Gerald Francis Kinsman
Missing In Action
|SYNOPSIS: Sgt. James Harwood and 1Lt. Gerald Kinsman were part of the 5th Special
Forces Group Detachment B-43 based at the Special Forces camp at Chi Lang, South
Vietnam. The two were assisting in the training of the Reconnaissance Platoon, 2nd
Company, 1st (later the 6th) Cambodian Mobile Operations Battalion as part of Capt.
Harry Purdy's instruction team.
Chi Lang was situated in a dangerous, contested border zone. Any training venture away from camp was subject to becoming a frightening battlefield between Cambodian trainees and hardened Viet Cong regulars, with predictable results, although the Special Forces
had considerably more faith in the abilities of the Khmer troops than they had had in the
Vietnamese CIDG unit they had formerly trained. The situation was worsened by the
serious friction between Detachment B-43 and the former CIDG Vietnamese troops at
the camp. The Special Forces made no secret of the fact that they felt the Khmer troops
were superior to the ARVN border rangers, whom they considered hoods and thieves.
The Vietnamese officer, Maj. Hoa countered by refusing to punish any Vietnamese
caught stealing from the Americans.
In January 1971, Capt. Purdy's team and the Khmer battalion-in-training conducted a
field exercise at Nui Ta Bec, five miles northwest of Chi Lang. 1Lt. Gerald F. Kinsman,
the tactics committee instructor, accompanied the battalion's 3rd Company cadre, Lt.
James J. McCarty and Sgt. James A. Harwood. On 15 January, the three Special Forces
troops were escorting the company's 24-man reconnaissance platoon, which was awaiting
the arrival of the 8th Khmer Infantry Battalion, coming to replace them in the field.
The platoon was moving downhill through thick bamboo on the slope of Hill 282 (Nui
Ta Bec) northwest of Chi Lang and 2 miles from the Cambodian border, after searching
several large rock outcroppings of Nui Ta Bec. Sgt. Harwood was in the lead, 1Lt.
Kinsman was in the middle, and McCarty to the rear of the platoon. At this time, the
platoon was moving in column formation. Suddenly the pointman came under automatic
weapons fire, engaging the platoon in a firefight.
Harwood radioed 1st Lt. James J. McCarty that he was crawling up toward the point,
and was receiving direct fire from the front. Communications were then lost with
Harwood, and McCarty's shouts to him met with no response. McCarty then approached
Kinsman's position at the front, and saw Lt. Kinsman standing in an open area saying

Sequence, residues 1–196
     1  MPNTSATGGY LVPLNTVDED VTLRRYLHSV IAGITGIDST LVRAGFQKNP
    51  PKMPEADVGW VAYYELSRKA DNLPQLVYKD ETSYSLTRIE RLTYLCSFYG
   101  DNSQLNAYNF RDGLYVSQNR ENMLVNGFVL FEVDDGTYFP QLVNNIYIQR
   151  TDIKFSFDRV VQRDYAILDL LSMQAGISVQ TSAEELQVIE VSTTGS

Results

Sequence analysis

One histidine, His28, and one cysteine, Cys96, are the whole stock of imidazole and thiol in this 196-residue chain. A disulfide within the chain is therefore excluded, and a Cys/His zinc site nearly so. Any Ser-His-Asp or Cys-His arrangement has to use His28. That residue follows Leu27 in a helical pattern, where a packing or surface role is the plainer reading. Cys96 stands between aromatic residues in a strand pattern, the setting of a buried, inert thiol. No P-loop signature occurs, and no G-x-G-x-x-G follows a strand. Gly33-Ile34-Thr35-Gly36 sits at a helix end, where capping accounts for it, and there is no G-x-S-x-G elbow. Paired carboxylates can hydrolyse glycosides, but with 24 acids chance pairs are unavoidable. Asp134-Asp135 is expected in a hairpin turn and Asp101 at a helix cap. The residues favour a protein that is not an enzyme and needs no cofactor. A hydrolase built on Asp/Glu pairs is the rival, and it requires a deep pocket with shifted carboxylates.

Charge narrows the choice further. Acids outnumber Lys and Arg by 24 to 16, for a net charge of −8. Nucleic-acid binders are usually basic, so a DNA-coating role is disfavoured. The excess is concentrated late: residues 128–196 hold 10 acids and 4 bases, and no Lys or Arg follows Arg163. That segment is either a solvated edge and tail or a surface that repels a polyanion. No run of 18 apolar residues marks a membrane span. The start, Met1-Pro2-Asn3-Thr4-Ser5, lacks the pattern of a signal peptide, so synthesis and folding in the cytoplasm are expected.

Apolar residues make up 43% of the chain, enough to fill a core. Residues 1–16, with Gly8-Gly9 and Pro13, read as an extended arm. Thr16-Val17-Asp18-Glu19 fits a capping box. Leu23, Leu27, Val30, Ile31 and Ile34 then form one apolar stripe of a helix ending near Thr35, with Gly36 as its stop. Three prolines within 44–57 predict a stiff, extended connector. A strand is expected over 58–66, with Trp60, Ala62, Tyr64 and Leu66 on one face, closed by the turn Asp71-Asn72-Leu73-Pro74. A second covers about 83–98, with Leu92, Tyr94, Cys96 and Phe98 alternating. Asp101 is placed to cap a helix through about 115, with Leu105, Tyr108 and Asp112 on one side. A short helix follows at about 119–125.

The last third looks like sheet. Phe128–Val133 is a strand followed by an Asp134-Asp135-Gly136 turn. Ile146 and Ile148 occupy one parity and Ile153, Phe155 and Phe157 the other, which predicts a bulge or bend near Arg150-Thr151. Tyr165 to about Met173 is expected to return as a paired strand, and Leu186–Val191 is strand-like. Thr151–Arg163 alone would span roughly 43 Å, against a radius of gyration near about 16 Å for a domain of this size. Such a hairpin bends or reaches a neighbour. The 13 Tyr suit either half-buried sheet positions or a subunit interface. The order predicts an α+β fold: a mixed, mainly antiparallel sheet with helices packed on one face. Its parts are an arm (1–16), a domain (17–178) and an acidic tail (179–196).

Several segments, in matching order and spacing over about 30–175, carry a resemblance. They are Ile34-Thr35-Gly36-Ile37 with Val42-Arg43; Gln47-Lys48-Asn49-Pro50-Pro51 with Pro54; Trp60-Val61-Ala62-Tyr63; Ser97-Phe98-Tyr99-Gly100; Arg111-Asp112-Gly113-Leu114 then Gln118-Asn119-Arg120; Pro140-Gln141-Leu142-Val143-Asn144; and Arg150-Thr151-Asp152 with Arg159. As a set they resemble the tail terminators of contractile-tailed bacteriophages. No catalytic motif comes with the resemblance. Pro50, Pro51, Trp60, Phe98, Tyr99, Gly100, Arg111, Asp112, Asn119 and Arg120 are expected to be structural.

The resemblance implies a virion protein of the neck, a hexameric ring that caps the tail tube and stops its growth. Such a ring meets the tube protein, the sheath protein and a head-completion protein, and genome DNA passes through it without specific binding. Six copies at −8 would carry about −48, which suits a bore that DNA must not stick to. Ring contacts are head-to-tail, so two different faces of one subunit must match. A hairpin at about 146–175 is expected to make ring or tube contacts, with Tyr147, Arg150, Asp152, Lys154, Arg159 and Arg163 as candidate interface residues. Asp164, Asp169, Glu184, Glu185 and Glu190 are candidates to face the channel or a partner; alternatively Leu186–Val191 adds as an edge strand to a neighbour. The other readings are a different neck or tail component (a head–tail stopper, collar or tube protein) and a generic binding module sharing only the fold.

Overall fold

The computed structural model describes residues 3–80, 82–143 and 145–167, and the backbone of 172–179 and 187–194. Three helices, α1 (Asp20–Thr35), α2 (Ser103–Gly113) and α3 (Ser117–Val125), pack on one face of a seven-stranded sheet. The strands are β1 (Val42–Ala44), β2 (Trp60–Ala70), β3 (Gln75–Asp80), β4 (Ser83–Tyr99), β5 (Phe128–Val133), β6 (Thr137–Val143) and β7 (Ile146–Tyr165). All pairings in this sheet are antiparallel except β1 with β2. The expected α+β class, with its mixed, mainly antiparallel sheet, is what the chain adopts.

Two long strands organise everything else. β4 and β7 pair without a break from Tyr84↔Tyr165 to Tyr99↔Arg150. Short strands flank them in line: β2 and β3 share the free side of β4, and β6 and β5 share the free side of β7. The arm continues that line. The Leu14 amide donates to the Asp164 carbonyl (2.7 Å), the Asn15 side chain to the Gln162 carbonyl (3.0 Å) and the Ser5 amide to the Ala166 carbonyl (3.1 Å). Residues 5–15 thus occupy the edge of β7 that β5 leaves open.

he had been hit in the stomach. When he reached Kinsman, McCarty found him lying
on his back in a bamboo thicket. He had been shot in the stomach, just to the side of the
navel with an exit wound in the back, and was lying in a large pool of blood. McCarty
tried to administer aid, but his weapon was shot away, and he was wounded himself. He
tried to drag the unconscious 1Lt. Kinsman from the area, but enemy troops were
approaching and he had to hide. McCarty did not see Harwood.
McCarty's radioman was wounded in the leg as he frantically radioed Sgt. Stamper at the
base of the hill. Maj. Leary, the Detachment B-43 commander, was overhead in an O-1
aircraft and relayed the request for immediate assistance to Maj. Hoa at Chi Lang. Hoa claimed all of his units were "busy" and no response was possible. Leary summoned a
battalion from the 9th ARVN Division next, but by the time they arrived, the fighting was
over. In addition to the Cambodian casualties, both Lt. Kinsman and Sgt. Harwood were
McCarty was later evacuated. Harwood was classified Missing In Action, and Kinsman,
because of his severe wounds was classified as Killed/Body Not Recovered. Every detail
of their loss is classified, and unavailable to the public after nearly 20 years.
In August 1974, a Vietnamese source reported the following information which he
received second hand from another Vietnamese, "The enemy (Viet Cong) ambushed a
Government of Vietnam team, killed one American and captured one American, one
officer and one NCO in that vicinity. The live American was ordered to pull the body
into the forest. In the forest, the American was ordered to dig a hole and bury his friend.
As soon as he finished his work, a VC cadre stood beside him and fired at his head with a
K .54 pistol. The two bodies were rushed into the hole, and it was filled with earth." The
source also assumed that the grave site might have been in a valley.
The fates of Harwood and Kinsman are unknown. They are 2 of nearly 2500 Americans
who are still missing from Southeast Asia. As reports flow in that hundreds of Americans
are still alive in Vietnam and Laos, one wonders if Harwood or Kinsman are among them.
If the 1974 report is true, why have their bodies not been returned? If it is not, and they
are alive, what must they be thinking of us?